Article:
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Cramer urges law to create recyclables markets.

Steve Cramer, Councilmember from Minneapolis and Chair of NLC's Energy, Environment and Natural Resources Steering Committee testified last week before Sen. Max Baucus (D-MT), chairman of the Senate Subcomittee on Environmental Protection. He urged the Senate to enact legislation that would create and maintain markets for recyclables in cities.

The hearing focused on a proposal that would establish enforceable, but flexible national recycling requirements to allow companies to reuse recyclable materials without relying on minimum recycled content.

Cramer outlined the two major problems facing municipal recycling programs: cost and the protection of public health.

"Local governments currently face high and rising costs to implement recycling programs at a time when many of our cities and towns are struggling to make ends meet," he said. "In Minneapolis, we have seen rapidly escalating recycling costs, rising from $61 per ton in 1988 to $110 per ton last year. These costs now exceed this tipping fee at our incinerator. During this same period, markets have deteriorated."

The cost disparity has become even more problematic as some cities are forced to landfill separated materials due to lack of recycling markets to close the recycling loop. Compounding this problem is concern for public health. Cramer noted that, "regardless of public enthusiasm to initiate and participate in efforts to reduce the need for landfills and incinerators, without markets for recyclables, local officials cannot continue to warehouse garbage. It becomes a serious public health problem."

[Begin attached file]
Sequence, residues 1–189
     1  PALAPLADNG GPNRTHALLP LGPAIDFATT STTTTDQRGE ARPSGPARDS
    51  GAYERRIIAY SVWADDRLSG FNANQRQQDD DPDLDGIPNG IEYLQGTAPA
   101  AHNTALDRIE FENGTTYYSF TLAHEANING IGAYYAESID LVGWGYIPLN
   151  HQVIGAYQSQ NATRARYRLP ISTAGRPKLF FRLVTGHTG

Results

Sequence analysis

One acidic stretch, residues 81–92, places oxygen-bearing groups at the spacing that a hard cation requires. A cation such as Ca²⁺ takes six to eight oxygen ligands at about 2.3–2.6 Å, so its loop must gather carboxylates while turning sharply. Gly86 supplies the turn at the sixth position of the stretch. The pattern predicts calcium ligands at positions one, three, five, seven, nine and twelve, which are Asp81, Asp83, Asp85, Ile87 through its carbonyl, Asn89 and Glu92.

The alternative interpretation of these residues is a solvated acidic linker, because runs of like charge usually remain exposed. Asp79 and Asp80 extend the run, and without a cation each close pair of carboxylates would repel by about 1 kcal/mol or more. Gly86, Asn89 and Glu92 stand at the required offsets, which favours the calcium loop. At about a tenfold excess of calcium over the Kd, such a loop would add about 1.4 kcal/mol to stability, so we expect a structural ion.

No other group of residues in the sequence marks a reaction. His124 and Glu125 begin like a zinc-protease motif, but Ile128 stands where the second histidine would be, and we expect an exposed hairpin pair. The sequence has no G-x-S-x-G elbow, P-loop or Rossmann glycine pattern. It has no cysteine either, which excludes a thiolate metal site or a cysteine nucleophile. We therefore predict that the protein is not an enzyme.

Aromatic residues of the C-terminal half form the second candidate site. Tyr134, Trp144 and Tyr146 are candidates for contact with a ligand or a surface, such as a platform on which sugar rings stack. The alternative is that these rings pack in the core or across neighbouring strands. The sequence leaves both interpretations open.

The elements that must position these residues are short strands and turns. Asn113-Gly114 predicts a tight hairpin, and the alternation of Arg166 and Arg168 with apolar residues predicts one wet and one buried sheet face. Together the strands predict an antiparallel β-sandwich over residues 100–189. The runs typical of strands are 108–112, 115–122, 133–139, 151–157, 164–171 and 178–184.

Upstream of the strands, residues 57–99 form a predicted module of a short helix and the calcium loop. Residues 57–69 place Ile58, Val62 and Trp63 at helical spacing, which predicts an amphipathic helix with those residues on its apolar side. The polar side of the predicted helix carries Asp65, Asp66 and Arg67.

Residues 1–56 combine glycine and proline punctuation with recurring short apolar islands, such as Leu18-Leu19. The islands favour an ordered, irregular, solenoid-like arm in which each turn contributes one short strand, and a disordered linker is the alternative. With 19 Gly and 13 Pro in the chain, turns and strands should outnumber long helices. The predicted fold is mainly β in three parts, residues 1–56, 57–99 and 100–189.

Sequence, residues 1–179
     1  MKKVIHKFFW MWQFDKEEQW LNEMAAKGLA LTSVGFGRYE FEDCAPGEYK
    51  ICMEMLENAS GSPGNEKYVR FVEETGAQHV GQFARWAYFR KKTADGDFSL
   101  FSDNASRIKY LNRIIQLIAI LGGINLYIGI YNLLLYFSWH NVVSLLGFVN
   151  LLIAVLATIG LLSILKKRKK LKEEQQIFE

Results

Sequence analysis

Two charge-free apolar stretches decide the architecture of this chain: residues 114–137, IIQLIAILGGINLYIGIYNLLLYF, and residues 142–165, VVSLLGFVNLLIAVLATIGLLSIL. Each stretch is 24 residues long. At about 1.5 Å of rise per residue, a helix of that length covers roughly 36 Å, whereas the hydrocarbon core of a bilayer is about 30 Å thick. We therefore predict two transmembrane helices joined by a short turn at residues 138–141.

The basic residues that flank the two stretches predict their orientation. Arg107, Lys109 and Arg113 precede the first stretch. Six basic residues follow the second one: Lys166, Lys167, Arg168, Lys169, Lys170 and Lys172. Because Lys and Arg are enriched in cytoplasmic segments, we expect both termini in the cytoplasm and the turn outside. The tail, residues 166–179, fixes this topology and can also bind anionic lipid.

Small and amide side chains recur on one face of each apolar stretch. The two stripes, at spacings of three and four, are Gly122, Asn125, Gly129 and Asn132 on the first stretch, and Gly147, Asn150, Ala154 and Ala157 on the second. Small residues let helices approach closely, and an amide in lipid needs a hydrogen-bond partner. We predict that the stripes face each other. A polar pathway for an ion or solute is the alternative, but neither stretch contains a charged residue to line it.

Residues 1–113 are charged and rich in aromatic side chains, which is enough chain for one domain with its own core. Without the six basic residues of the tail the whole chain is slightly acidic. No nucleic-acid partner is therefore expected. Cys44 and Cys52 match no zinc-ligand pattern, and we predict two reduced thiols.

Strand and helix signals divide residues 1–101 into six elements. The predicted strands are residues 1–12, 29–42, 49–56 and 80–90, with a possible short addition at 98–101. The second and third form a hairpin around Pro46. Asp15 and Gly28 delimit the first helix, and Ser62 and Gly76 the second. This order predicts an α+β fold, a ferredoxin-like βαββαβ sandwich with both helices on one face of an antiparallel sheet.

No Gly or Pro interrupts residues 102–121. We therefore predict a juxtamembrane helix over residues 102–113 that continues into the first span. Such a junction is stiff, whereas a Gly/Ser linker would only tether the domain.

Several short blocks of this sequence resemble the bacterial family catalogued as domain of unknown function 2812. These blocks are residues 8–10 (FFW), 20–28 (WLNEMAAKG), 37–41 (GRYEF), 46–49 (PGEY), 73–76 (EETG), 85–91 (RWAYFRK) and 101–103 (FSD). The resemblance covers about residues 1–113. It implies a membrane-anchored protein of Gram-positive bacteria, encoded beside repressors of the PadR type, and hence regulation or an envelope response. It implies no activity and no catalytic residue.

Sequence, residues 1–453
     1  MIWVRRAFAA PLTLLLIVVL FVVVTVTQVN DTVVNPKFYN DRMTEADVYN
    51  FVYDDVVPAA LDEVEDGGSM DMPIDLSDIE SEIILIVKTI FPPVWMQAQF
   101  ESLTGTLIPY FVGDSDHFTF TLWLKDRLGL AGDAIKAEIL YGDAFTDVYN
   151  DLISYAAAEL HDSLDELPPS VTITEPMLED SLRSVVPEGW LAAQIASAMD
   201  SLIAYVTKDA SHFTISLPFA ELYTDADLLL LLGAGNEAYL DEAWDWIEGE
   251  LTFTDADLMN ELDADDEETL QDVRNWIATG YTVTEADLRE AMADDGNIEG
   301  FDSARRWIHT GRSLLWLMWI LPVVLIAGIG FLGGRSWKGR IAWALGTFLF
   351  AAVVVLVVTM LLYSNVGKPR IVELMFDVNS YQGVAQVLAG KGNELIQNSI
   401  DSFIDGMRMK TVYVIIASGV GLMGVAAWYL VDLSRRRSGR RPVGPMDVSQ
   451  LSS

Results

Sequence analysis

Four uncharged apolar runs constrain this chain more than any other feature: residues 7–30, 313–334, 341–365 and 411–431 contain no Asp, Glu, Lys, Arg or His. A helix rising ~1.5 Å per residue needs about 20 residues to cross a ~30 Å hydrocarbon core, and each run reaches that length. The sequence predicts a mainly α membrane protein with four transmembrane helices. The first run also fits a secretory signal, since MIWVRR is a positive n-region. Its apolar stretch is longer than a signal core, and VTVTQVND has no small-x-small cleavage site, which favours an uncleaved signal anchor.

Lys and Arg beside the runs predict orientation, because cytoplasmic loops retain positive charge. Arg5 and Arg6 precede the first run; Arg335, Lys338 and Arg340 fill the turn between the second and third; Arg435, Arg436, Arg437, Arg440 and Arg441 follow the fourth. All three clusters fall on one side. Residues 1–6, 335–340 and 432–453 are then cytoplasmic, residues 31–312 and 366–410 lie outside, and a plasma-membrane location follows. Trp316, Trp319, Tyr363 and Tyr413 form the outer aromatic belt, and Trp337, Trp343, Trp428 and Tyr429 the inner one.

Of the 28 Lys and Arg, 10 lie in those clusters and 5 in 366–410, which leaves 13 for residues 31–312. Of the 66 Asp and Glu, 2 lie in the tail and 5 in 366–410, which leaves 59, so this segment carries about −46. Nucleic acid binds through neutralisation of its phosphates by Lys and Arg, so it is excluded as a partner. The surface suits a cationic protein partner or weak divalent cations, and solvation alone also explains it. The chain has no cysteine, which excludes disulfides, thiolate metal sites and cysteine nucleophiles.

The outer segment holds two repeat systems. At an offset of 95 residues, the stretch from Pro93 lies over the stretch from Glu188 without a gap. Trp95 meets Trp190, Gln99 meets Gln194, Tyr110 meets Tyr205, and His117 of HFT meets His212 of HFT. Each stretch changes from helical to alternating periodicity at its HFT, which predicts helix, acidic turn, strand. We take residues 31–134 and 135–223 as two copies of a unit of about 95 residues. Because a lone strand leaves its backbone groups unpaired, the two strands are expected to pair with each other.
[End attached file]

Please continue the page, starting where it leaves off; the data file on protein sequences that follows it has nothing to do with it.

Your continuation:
The proposal before the Senate Subcommittee would require any company with total annual receipts of $50 million or greater that owns the brand name of a product manufactured in the United States and distributes for retail sale in the United States, newsprint, printing or writing paper, or products packaged in glass, plastics, metal or paper packaging, to meet an annual recycling requirement. The same utilization requirements would be imposed upon products imported to the United States.

Under the proposal, each company would be responsible for ensuring that a percentage of the company's contribution to the waste stream is reused in its own products or other products, and not disposed. In closing, Cramer said, "We need federal legislation to ensure that municipal recycling programs are a productive investment in terms of time, effort and cost. We believe the pending proposal, by assigning responsibility to specific large corporations, will assure a measurable reuse strategy and result in effective industry action."

The Senate Subcommittee on Environmental Protection is expected to act S. 976 soon, however, no mark-up date has been set.
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Title Annotation:Steve Cramer, chairman of the National League of Cities' Energy, Environment and Natural Resources Steering Committee
Author:Yamane, Sandy
Publication:Nation's Cities Weekly
Date:Mar 9, 1992
Words:416
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